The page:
2019 BC CEO Awards: Connie Fair

The human touch: People have always been a priority for the president and CEO of the Land Title and Survey Authority of British Columbia

Connie Fair, president and CEO of the Land Title and Survey Authority of British Columbia: “there’s no question that the people skills you learn at your work help you in your personal life and the personal skills you learn in your personal life help you at work” | Chung Chow

Connie Fair isn’t interested in settling into a comfortable routine.

Perhaps that’s not surprising for the president and CEO of the Land Title and Survey Authority of British Columbia (LTSA). Like many successful leaders, Fair has no intention of slowing down. She isn’t inspired by prestigious titles or a corner office; instead, she wants to know that she is having an impact and making a significant contribution in her own way.

In fact, while Fair is the winner in the Public Service category of the 2019 BC CEO Awards for her work at the LTSA since 2016, this isn’t the first time she has been at the helm of a major British Columbian public institution.

Prior to accepting her current role, Fair served for eight years as CEO of the province’s 10th-largest Crown corporation, the BC Assessment Authority. Before ascending to the position of CEO, Fair successfully fulfilled numerous key positions within the organization after originally being hired for contract work. She could have stayed in an organization and role that she was both familiar with and successful at, but that wouldn’t be Fair.

For an ambitious leader with a desire to constantly learn new things, there is no satisfaction in a role where the opportunity to gain new insight is limited.

“I think staying curious is very important,” Fair said. “What’s helped me stay current, stay ahead of the curve, is just that desire to always be learning.”

The motivation she gains from reading, taking courses and otherwise keeping abreast of new ideas has not only aided in her success but also encouraged her to set and achieve new goals.

Fair grew up in the Vancouver Island town of Ladysmith together with her six siblings. Her mother was a nurse; her father, a carpenter, built single-family homes. Fair had a relatively independent childhood, running around the small town with her brothers and sisters, while both her parents worked.

She remembers spending lots of time on the construction sites of half-built single-family homes her father was working on and seeing blueprints and building plans spread across her kitchen table. She and her siblings knew all the homes in Ladysmith that their father had built.

Growing up in a big family and eventually raising a family of her own taught Fair not only the value of helping people but also how to be a successful leader in the province’s public sector.

 “There’s no question that the people skills you learn at your work help you in your personal life and the personal skills you learn in your personal life help you at work.”

While it wasn’t clear then, watching her father build houses for her community is what first attracted her to the real estate sector. What was most captivating for her was the industry’s ability to help people.

Fair’s attraction to the industry was evident as she earned her university degree, preferring her real estate classes over other business courses. Rather than focusing on bond yields or other esoteric financial instruments, Fair favoured real property, something you can touch and feel, a physical place where people go to live or work. That a building could represent a new home for a growing family or a new facility for an emerging business allowed Fair to feel more connected to her work than she might have working with just numbers.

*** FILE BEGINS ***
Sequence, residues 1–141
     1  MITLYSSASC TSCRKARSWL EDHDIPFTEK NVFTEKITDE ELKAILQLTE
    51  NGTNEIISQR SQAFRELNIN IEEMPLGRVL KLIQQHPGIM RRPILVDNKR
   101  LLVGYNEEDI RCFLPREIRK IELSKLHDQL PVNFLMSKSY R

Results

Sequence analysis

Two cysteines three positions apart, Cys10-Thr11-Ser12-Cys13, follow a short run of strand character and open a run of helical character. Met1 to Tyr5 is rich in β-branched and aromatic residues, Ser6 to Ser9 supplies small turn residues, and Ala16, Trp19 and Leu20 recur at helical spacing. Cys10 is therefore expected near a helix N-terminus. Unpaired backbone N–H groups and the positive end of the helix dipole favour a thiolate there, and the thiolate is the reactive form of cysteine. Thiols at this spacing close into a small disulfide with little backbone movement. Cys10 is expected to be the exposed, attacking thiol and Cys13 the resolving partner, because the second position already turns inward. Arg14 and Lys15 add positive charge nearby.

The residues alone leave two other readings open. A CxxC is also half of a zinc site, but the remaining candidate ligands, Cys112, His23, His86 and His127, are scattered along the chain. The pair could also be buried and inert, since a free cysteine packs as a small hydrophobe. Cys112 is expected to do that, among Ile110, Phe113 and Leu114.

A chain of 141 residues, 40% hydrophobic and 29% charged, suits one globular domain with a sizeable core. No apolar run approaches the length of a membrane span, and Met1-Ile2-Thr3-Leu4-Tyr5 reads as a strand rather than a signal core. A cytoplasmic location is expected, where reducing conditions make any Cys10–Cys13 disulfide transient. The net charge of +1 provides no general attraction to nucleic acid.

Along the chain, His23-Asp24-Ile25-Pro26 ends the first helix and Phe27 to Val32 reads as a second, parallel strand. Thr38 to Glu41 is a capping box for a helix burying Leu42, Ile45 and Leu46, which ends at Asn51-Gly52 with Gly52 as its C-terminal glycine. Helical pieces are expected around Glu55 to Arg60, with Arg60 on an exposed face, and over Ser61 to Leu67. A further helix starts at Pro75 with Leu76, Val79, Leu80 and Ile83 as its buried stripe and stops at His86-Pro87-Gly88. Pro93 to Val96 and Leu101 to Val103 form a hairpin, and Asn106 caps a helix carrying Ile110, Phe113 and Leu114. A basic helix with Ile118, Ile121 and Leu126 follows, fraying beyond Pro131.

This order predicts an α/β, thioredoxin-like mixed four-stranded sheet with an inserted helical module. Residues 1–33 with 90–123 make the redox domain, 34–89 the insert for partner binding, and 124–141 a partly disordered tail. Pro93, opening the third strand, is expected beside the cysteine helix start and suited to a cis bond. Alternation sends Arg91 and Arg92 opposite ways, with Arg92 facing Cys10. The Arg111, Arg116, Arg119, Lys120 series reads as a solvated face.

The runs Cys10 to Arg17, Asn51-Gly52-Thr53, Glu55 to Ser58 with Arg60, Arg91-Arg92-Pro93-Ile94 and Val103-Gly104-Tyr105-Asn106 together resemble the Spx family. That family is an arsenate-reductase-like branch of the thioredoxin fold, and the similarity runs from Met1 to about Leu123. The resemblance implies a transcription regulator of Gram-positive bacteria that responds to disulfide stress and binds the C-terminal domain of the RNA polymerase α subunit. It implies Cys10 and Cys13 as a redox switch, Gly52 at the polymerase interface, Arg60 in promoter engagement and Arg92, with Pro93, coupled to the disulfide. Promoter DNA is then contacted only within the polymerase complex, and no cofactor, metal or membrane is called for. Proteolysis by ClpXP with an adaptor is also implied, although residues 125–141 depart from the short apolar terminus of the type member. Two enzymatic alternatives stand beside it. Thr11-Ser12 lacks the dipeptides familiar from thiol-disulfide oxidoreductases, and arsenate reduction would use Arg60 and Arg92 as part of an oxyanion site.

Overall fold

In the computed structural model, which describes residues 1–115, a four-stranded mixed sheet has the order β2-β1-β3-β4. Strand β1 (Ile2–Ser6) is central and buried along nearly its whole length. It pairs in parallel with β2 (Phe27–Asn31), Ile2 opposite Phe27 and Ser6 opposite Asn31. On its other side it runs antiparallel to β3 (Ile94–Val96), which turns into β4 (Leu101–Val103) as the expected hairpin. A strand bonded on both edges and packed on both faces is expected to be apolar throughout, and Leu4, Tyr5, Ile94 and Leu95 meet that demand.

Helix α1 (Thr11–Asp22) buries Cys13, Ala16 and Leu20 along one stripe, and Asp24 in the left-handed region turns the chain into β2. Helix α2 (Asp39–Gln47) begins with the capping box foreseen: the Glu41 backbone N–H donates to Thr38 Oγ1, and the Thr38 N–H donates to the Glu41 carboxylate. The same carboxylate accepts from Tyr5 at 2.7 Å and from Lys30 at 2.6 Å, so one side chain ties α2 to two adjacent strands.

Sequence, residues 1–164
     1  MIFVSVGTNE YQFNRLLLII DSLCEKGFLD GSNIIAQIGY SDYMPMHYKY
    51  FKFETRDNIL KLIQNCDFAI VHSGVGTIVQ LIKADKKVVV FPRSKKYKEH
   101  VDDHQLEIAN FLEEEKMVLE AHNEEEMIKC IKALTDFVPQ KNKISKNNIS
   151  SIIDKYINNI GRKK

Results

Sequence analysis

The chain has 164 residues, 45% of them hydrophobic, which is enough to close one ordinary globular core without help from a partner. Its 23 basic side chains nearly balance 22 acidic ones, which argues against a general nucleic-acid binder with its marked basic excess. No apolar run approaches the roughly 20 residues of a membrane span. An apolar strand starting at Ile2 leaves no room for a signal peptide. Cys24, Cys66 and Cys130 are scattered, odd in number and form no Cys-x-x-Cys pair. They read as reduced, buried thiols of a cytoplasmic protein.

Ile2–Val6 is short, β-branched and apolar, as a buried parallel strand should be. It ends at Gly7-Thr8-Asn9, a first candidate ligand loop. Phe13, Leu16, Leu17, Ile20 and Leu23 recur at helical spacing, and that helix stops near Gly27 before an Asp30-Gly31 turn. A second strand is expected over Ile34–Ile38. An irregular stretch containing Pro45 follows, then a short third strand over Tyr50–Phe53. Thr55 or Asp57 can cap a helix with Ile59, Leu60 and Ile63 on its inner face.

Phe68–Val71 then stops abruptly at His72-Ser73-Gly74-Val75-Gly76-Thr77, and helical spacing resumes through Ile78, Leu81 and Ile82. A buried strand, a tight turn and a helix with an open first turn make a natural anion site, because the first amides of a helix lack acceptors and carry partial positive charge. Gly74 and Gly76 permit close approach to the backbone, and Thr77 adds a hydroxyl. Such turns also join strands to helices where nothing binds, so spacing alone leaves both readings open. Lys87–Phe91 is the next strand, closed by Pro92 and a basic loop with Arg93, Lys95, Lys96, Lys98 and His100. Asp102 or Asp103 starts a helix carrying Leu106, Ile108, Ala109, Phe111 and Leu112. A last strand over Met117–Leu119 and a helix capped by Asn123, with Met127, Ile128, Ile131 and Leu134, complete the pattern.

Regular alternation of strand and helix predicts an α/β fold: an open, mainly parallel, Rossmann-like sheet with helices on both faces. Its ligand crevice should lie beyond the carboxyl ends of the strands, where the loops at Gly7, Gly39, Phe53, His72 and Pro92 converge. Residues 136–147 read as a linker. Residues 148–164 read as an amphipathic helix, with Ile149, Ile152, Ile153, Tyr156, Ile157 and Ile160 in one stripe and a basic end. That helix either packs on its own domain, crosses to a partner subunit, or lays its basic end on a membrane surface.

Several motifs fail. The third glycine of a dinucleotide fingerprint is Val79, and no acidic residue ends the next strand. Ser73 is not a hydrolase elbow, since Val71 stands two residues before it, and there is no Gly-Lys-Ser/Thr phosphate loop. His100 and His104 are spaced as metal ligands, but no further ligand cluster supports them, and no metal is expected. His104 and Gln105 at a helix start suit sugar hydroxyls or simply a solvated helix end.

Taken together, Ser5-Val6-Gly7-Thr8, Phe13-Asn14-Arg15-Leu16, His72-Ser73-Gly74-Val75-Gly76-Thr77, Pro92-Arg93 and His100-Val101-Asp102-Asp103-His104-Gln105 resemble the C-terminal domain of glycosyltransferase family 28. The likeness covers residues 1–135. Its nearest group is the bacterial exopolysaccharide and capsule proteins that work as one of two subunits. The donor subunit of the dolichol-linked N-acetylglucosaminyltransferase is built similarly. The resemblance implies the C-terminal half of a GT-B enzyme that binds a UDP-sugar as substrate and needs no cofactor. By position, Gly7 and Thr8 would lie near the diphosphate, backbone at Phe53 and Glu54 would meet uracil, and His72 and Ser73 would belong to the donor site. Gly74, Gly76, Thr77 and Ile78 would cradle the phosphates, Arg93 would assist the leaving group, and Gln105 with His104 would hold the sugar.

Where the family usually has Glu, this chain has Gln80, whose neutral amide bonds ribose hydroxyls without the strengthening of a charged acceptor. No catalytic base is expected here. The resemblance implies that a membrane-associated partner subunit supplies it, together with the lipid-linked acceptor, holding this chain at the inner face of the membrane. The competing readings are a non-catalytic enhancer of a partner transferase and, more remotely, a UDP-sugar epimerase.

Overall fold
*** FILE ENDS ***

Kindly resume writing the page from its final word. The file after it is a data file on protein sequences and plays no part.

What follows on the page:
But Fair wasn’t attracted to the typical jobs – such as realtor – that one would associate with real estate, and instead has spent her entire career taking on more unique roles within the industry.

While the tangible aspect of property and buildings was appealing to her, she was also fascinated by the long-term personal connections she could share with others. Working at some of the largest public institutions in real estate would present that opportunity in spades.

After 23 years at BC Assessment and helming the organization for the last eight, Fair felt that she had taken the organization as far as she could. She recognized that it would be challenging for both her and the organization to continue to grow without a change.

She decided it was time to put her stamp on another project.

The LTSA presented a unique opportunity for Fair to take an organization to the next level. When she got there, it wasn’t about fixing a problem or changing the direction of the organization but rather about figuring out what was next and helping to shape its future. As president and CEO, Fair has the opportunity to use her experience and skills toward that goal. •


What sort of leadership style does a CEO have to cultivate in the 21st century?

Agility and resilience to handle constant change.


What accomplishments are you most proud of?

Working with the board to develop a strategy going forward that has positioned the LTSA to assist the province in fulfilling some of its mandate and restructuring the organization so that it will provide better services to its customers.


What is the biggest challenge you have faced?

Finding and attracting the right talent.


What career decisions would you make differently were you starting out today?

I would spend more time listening.


What is the one business lesson you’d like to pass on to others?

Making the shift from being someone who feels like they need to have all the answers to someone who appreciates that the answers will come from their team.


Join us to celebrate this year’s honourees at the 2019 BC CEO Awards November 13, 2019, hosted at the Fairmont Waterfront Hotel. For tickets and event info, visit www.biv.com/ceo.